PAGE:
I was also, as I said, highly intelligent, with an IQ that apparently got the attention of my teachers and then my parents. They were right to expect a high level of academic achievement from me, but overachievers are never popular among their fellow students, so I was teased and bullied mercilessly. I suppose I felt like I was, as the saying goes, between a rock and a hard place. It was nearly impossible to completely satisfy my parents, and the very effort to do so made me fair game for the less charitable interactions of my peers. The plethora of good grades on my report cards was worthless as social currency among boys whose pubescence was just emerging.

And what about my teachers? I was rarely – almost never – in any kind of trouble in school. But the good Sisters of St. Joseph seemed to believe that children, especially those of the male sex, were invariably up to no good, and they used every terror tactic in their strategy book to ensure that we were kept in a constant state of fear. There were probably only 2 times in my years of elementary and middle school that I got into any kind of trouble. The first was in 4th grade. It was literally the day that the school opened for business. Sts. Cyril and Methodius Catholic Church had just turned the key on its new school that very morning. Prior to that there was no Catholic school in our town. The school was part of a newly built complex that included a new larger church, a rectory, and a convent.

My father, being the product of a Catholic education, was a firm believer in the superiority of parochial schools. In his mind the clergy knew how to educate the young better than lay instructors. I would be among the first group of students to enter the new school. I’d spent the first 4 years of my career as a student at the local public schools – kindergarten at May Moore School, and 1st through 3rd grade at Abraham Lincoln School.

So here I was, my first day in a new school, standing in the lunch line in the cafeteria. There was only one problem. I apparently never received the memo regarding putting ones hands in ones pockets. The nuns knew exactly why young boys put their hands in their pockets, even if those young boys didn’t yet know about THAT. So I stood in line, hands in pockets, completely unprepared for the explosion of pain when the sister who rang the large brass lunch bell (Sister Mary Quasimodo?) used that instrument for a purpose other than that for which it had actually been designed. The bell caught me at the base of the skull at exactly the same instant that the palm of her other hand impacted my forehead. And as her only words were, “That will teach you how to stand in line,” it took me quite a long time, years actually, to figure out why I’d been attacked.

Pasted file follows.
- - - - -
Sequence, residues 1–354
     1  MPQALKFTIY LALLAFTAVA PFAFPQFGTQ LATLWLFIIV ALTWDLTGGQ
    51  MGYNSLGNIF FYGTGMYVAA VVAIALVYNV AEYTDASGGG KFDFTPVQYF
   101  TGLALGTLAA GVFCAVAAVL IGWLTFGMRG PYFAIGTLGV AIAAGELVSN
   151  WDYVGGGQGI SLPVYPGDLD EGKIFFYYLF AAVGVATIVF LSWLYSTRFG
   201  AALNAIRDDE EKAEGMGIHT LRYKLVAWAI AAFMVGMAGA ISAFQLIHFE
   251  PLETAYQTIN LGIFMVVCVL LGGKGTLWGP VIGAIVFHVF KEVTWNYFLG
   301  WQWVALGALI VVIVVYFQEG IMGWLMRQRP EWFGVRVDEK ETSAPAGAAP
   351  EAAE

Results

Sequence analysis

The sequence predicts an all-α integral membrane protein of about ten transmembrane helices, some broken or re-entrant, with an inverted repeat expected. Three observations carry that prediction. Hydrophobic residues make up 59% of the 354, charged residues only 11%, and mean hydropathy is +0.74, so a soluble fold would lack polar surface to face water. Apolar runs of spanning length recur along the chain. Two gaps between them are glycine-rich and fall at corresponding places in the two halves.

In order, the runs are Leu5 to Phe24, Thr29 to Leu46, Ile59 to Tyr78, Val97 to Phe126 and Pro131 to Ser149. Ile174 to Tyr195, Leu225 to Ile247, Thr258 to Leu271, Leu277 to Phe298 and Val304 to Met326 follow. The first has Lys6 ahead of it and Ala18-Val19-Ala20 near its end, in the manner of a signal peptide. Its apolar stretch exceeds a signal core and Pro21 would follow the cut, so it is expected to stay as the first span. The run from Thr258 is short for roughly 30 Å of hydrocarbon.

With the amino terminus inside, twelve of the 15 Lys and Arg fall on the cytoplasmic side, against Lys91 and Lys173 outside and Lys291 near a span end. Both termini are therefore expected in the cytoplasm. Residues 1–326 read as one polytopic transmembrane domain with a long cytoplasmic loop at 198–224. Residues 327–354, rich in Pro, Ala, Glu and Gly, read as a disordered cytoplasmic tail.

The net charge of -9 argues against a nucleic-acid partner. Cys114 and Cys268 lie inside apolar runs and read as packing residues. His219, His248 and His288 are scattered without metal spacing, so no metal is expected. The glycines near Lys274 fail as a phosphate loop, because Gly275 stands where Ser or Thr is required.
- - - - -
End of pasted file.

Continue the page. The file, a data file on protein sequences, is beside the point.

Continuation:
The other time that I nearly ran into disciplinary problems occurred in 6th or 7th grade. I had had a bad head cold, and in its aftermath was suffering from a bout of bronchitis. After lunch every day we would be released to the playground, where as often as not we were required to stand in line silently. On this particular day the cool crisp air irritated my already raw bronchi, and as hard as I tried I couldn’t seem to suppress a cough. The nun in charge of us glared at me, squinting her eyes, and in a low growl said, “Stifle that. One more outburst from you and…” She knew she didn’t need to complete the sentence. I’d witnessed boys being slapped until their mouths and noses bled for lesser offenses. I recall seeing a friend of mine have a comb driven into his scalp because the sister didn’t like the way he had combed it that morning, a smallish pompadour with a wave in the front.

Theoretically I should have had nothing to fear. After all, I was almost never subjected to abuse, and the one time that I was it was over quickly and was not as bad as it could have been. I was a well behaved student. But witnessing these unpredictable outbursts of violence often caused me to wonder if behaving would really insulate me from it. And, being well behaved also made me a bit of a “goody-two-shoes” so, once again, I was faced with unrelenting peer disapprobation.

In high school things got better, but not enough. I had lost just enough weight to no longer be the butt of everyone’s cruel humor. My face blossomed into a mine field of acne, but so did everyone else’s, so I got something like a pass on that issue. The good grades were no longer the liability that they had been in middle school, everyone being focused on their eventual college applications. And the nuns in Seton Hall High School – the Sisters of Charity of Halifax – were more true to that name than I had hoped for. But to say that this lead to a bucolic secondary school experience would be untrue. The problem was that I was socially awkward, which shouldn’t have been surprising given the bullying that I’d dealt with in the previous few years. And, to make matters far far worse, I was terrible at sports. In a school in which the only social currency that mattered was athletic prowess, to be musically inclined and unable to throw accurately, catch, dribble or hit a ball was to be a pariah and a fool. So my social status improved not one bit when I entered the Shrine of Truth. (Our school song, sung to the tune of Elgar’s Pomp and Circumstance began with the words, “Shrine of Truth we glory, to belong to thee…”)

It wasn’t that I had no friends. There was a small group of socially and physically awkward young people who bonded well and formed a loosely knit society based on the one thing we had in common – we were unpopular. It wasn’t until the summer of 1970, the summer when I turned 17 that things changed for me.

To be continued…

(And for your listening pleasure, but with no real connection to my childhood, Julia Florida by Agustín Barrios.